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A final notion that is important to understand is the notion of complement . Just as in geometry when two angles are called 'complementary' if they added upto 90 degrees, (the two angles 'complement' each other to make a right angle), the complement of a set of outcomes $A$ is the set of all outcomes in the sample space but not in $A$ . It is usually denoted ${A}^{\text{'}}$ (or sometimes ${A}^{C}$ ), and called 'the complement of $A$ ' or simply ' $A$ -complement'. Because it refers to the set of everything outside of $A$ , it is also often referred to as 'not- $A$ '. Thus, by definition, if $S$ denotes the entire sample space of possible outcomes, and $A$ is any subset of outcomes that we are interested in (i.e. an event ), then $A\cup {A}^{\text{'}}=S$ is always true, (i.e. ${A}^{\text{'}}$ complements $A$ to form the entire sample space). So in the exercise above, ${P}^{\text{'}}=\{1,4,6,8,9\}$ , while ${E}^{\text{'}}=\{1,3,5,7,9\}$ . So $n\left({P}^{\text{'}}\right)=n\left({E}^{\text{'}}\right)=5$
The probability of a complementary event refers to the probability associated with the complement of an event, i.e. the probability that something other than the event in question will occur. For example, if $P\left(A\right)=0,25$ , then the probability of $A$ not occurring is the probability associated with all other events in $S$ occurring less the probability of $A$ occurring.
In theory, it is very easy to calculate complements, since the number of elementsin the complement of a set is just the total number of outcomes in the sample space minus the outcomes in that set (in the example above, there were 9possible outcomes in the sample space, and 4 possible outcomes in each of the sets we were interested in, thus both complements contained 9-4 = 5 elements).Similarly, it is easy to calculate probabilities of complements of events since they are simply the total probability (e.g. 1 if our total measure is 1) minus the probability of the event in question. So,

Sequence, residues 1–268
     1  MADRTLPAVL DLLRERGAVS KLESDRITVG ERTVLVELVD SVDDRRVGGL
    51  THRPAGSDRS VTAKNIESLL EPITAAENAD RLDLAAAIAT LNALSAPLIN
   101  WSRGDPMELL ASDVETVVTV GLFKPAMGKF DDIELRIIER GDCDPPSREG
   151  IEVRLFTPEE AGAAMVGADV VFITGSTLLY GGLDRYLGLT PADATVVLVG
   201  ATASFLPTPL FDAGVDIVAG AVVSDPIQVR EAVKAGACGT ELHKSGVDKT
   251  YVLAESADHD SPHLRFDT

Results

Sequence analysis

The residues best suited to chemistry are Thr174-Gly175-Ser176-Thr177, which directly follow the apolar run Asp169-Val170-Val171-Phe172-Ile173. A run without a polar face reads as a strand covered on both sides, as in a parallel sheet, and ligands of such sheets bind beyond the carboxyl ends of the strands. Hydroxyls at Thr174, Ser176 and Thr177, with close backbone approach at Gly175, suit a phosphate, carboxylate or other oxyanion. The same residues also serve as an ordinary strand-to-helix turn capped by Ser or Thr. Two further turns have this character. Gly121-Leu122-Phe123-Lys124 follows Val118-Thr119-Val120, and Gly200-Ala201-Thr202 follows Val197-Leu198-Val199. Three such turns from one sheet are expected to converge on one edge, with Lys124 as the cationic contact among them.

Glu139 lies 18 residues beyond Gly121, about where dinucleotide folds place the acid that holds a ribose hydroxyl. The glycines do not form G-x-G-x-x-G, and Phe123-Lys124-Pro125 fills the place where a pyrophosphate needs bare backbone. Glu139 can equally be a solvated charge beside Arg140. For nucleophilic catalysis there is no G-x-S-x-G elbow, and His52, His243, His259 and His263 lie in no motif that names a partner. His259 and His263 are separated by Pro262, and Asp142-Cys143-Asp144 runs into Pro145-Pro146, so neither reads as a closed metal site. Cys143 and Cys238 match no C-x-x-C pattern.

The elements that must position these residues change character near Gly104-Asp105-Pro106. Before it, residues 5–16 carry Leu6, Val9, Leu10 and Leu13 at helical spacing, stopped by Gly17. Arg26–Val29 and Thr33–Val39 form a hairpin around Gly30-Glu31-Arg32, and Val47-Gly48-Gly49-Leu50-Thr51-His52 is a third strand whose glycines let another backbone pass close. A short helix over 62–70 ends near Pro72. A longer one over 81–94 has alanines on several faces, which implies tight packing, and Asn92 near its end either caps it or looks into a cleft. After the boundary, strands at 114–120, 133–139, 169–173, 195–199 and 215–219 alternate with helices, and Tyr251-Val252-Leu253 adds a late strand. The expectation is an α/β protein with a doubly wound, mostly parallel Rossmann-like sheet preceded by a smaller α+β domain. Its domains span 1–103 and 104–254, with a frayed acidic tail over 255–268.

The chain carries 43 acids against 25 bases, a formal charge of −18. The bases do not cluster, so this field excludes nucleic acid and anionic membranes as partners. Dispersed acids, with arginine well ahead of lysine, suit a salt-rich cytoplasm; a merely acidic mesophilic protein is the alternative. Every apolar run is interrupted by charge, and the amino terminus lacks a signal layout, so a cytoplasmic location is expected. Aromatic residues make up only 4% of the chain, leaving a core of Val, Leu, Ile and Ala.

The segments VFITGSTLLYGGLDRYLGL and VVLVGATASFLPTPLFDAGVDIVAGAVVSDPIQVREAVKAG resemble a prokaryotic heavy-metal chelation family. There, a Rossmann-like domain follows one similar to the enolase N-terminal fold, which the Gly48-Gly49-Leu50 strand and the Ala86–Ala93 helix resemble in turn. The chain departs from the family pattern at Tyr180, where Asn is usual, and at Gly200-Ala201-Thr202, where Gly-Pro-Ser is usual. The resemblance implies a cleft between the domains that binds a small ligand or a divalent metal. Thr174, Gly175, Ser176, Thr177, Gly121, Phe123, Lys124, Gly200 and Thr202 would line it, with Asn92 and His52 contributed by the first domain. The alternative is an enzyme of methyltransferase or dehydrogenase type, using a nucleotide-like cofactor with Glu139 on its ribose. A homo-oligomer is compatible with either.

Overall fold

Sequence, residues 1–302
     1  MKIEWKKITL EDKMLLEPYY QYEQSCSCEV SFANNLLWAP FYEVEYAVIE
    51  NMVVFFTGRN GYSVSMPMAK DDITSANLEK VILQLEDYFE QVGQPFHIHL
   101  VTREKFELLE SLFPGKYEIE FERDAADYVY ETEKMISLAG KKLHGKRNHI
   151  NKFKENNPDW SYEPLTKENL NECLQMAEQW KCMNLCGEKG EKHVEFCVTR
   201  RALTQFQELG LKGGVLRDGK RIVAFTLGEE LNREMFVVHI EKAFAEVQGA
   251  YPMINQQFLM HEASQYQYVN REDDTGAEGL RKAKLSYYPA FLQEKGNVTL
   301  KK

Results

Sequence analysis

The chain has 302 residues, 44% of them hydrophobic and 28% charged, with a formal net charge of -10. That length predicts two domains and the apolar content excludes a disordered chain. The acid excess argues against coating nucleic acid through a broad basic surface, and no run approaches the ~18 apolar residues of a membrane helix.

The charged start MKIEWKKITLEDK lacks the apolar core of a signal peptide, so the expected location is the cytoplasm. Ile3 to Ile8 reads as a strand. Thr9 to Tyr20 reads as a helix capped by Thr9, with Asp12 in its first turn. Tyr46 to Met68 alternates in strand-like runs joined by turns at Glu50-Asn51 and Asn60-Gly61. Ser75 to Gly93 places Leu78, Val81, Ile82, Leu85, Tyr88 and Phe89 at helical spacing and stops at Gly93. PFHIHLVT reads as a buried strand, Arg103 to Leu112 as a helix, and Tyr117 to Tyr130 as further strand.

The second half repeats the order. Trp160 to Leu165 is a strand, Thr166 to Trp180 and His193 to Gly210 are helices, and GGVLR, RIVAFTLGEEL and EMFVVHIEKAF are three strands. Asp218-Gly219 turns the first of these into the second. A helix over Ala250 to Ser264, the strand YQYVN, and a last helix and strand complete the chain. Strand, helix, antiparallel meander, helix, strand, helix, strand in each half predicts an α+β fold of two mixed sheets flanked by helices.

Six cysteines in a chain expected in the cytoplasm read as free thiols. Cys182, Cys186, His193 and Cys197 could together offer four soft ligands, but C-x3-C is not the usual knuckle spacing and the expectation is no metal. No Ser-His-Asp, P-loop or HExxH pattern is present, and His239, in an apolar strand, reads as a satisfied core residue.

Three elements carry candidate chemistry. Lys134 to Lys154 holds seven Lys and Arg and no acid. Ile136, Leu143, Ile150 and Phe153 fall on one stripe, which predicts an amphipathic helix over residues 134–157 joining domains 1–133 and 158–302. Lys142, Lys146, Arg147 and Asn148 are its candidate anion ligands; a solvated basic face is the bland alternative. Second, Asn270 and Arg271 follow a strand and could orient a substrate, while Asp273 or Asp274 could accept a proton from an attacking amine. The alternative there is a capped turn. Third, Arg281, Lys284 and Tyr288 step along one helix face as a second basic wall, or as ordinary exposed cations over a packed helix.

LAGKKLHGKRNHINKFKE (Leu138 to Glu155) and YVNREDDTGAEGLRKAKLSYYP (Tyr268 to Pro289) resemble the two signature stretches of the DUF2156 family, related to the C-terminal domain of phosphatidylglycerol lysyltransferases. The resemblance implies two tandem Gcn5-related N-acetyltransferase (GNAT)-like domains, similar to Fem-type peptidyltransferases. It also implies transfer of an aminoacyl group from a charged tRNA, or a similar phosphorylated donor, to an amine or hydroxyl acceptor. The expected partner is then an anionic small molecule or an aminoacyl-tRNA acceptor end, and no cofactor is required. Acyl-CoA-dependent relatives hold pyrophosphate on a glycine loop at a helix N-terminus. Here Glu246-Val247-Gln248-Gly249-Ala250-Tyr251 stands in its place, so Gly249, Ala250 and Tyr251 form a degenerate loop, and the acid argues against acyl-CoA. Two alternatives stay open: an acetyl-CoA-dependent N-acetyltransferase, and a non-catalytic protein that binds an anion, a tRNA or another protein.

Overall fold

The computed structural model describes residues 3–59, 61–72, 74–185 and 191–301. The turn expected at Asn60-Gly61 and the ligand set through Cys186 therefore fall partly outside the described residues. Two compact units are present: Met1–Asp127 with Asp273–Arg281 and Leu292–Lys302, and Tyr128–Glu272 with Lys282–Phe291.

Sometimes it is much easier to decide the probability of an event occurring by instead calculating the probability that the complementary event will NOT occur. For example, if the process in question was rolling three dice, and the event we were interested in was that at least one of the faces is a one, it is definitely much easier to figure out the probability that not getting a one will not occur than to try to figure out all the possible combinations of three dice where a one does occur!
If you throw two dice, one red and one blue, what is the probability that at least one of them will be a six?
To solve that kind of question, work out the probability that there will be no six.
The probability that the red dice will not be a six is 5/6, and that the blue one will not be a six is also 5/6.
So the probability that neither will be a six is $5/6\times 5/6=25/36$ .
So the probability that at least one will be a six is $1-25/36=11/36$ .
A bag contains three red balls, five white balls, two green balls and four blue balls:
1. Calculate the probability that a red ball will be drawn from the bag.
2. Calculate the probability that a ball which is not red will be drawn
Let R be the event that a red ball is drawn:
$\therefore $ P(R') = 1 - P(R) = 1 -3/14 = 11/14
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